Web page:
The suggestion that cross-examination should have been conducted in another manner does not rebut the presumption that counsel's conduct fell within the wide range of reasonable professional assistance.  Ex parte Perkins, 706 S.W.2d 320, 323 (Tex.Crim.App.1986).   Further, on cross-examination, counsel elicited testimony from Brantley that there were “disorganized” elements at the crime scenes which indicated that appellant was not consciously eluding detection, suggesting that appellant may have been acting in a psychotic manner.   Counsel also questioned Brantley about appellant's travels and Brantley admitted that appellant had been stopped at the United States/Mexico border on at least one occasion during his crime spree but was later released, suggesting that appellant was not as intent on evading capture as a sophisticated criminal would be.   The record reflects that counsel effectively cross-examined Brantley.   As such, appellant fails to meet the requirements of the first prong of the Strickland test.

In his eleventh and twelfth points of error, appellant contends he is entitled to a new punishment hearing because his attorney was ineffective for failing to object to the State's jury argument that the jury could not consider evidence of appellant's troubled background or the actions of law enforcement in securing appellant's arrest as mitigating evidence unless they first found that evidence somehow reduced appellant's moral blameworthiness.

The following is the relevant portion of the State's jury argument:

Special Issue No. 2 asked you to look at the charge.   I'm sorry.   Look at all the evidence again.   Look at everything you've heard from the beginning.   Looking at three things in particular;  the circumstances of the offense, the defendant's character, and background, and his personal moral culpability.   And it asked you to look at all of that stuff and see if you find anything, mitigating circumstances, and one thing we didn't talk about in voir dire that is in this charge is what a mitigating circumstance could be, which is evidence that one of you may find reducing the defendant's moral blameworthiness.   That's, that's what you are supposed to go through and look for.   Anything in the record that reduces his moral blameworthiness.   And, once again, I want you to base this answer on the evidence, and I challenge you to find anything in the record over the last two weeks that reduces his moral blameworthiness.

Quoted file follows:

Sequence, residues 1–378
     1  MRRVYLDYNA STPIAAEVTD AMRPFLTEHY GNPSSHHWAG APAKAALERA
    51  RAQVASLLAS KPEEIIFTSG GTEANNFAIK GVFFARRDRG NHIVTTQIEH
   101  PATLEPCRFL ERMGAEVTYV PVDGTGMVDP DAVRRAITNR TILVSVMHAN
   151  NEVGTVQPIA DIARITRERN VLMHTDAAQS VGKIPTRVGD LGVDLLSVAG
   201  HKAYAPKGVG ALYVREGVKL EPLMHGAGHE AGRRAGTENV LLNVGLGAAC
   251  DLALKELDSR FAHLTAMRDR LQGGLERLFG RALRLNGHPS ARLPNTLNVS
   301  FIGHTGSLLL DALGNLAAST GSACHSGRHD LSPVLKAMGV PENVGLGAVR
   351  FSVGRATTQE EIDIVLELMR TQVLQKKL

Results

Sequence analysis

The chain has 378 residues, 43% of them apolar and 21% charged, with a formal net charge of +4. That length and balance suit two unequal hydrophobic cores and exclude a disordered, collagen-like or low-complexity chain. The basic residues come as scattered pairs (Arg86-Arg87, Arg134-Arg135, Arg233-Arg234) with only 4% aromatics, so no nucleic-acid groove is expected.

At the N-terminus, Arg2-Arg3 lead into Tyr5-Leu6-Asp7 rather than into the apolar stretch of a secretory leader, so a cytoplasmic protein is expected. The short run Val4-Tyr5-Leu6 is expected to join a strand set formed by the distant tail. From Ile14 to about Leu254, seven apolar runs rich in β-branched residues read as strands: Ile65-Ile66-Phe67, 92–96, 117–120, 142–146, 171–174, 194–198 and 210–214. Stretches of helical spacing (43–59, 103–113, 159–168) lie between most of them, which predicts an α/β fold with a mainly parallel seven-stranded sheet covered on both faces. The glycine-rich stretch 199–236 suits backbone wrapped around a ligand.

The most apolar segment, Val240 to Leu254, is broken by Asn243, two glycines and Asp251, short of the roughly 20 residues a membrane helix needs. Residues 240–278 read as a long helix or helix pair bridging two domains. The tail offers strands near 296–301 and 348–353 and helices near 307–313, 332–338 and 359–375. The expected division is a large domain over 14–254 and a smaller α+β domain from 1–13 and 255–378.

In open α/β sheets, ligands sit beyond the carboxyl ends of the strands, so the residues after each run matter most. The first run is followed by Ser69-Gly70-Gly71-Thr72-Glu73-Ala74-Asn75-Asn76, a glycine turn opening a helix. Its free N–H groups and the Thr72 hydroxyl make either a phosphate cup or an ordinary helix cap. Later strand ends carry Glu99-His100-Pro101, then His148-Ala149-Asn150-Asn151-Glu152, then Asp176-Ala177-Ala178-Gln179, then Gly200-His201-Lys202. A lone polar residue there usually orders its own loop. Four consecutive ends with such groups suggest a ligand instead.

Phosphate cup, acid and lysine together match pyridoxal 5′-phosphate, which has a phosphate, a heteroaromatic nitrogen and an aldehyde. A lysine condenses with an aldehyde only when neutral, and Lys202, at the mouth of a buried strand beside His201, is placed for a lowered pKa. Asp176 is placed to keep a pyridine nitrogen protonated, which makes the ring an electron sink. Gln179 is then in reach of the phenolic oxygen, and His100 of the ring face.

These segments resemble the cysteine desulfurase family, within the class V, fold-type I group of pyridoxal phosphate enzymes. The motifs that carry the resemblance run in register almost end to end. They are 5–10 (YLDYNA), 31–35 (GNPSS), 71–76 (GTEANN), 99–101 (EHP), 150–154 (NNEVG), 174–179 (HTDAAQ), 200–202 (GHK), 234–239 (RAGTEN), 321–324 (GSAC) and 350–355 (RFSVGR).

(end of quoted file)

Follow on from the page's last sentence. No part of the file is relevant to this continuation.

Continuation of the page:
The State did not instruct the jury that it could not consider evidence of appellant's background or his dealings with law enforcement as mitigating evidence without first finding that the evidence reduced appellant's moral blameworthiness.   Therefore, appellant has not met the requirements of either prong of the Strickland test.   Appellant's seventh, eleventh, and twelfth points of error are overruled.

In his eighth point of error, appellant argues the 12-10 rule of Article 37.071 which requires ten votes for the jury to return a negative answer to the first or second special issue and at least ten votes for the jury to return an affirmative answer to the third special issue violates the Eighth Amendment to the United States Constitution.   We have repeatedly rejected identical claims.  Johnson v. State, 68 S.W.3d 644, 656 (Tex.Crim.App.2002);  Wright v. State, 28 S.W.3d 526, 537 (Tex.Crim.App.2000), cert. denied, 531 U.S. 1128, 121 S.Ct. 885, 148 L.Ed.2d 793 (2001);  Chamberlain v. State, 998 S.W.2d 230, 238 (Tex.Crim.App.1999), cert. denied, 528 U.S. 1082, 120 S.Ct. 805, 145 L.Ed.2d 678 (2000). Appellant's eighth point of error is overruled.

In his ninth point of error, appellant asserts the trial court erred in denying his request to inform the jury that the failure to answer a special issue would result in a life sentence.   He claims the trial court's denial violated his rights under the Eighth Amendment to the United States Constitution.   We have repeatedly rejected identical claims.  Chamberlain, 998 S.W.2d at 238;  McFarland v. State, 928 S.W.2d 482, 519 (Tex.Crim.App.1996), cert. denied, 519 U.S. 1119, 117 S.Ct. 966, 136 L.Ed.2d 851 (1997).   Appellant's ninth point of error is overruled.

In his tenth point of error, appellant claims that “the language in the jury charge informing jurors that in order for the court to assess the ‘proper punishment’ it was necessary for them to answer the special issues, in conjunction with the absence of an instruction informing them of the consequences of their inability to agree on an answer to a special issue, was so likely to mislead the jury that it would violate the Eighth Amendment.”   Appellant cites no case law to support his argument.  Tex.R.App. P. 38.1(h).  Nonetheless, Article 37.071, section 2(a)(1) prohibits the trial court from instructing the jury on the effect of a failure to reach a unanimous decision regarding the special issues.   Further, the United States Supreme Court has held that the Eighth Amendment does not require that juries be informed of the effect of any failure to reach a unanimous agreement regarding punishment.  Jones v. United States, 527 U.S. 373, 119 S.Ct. 2090, 144 L.Ed.2d 370 (1999).   Appellant's tenth point of error is overruled.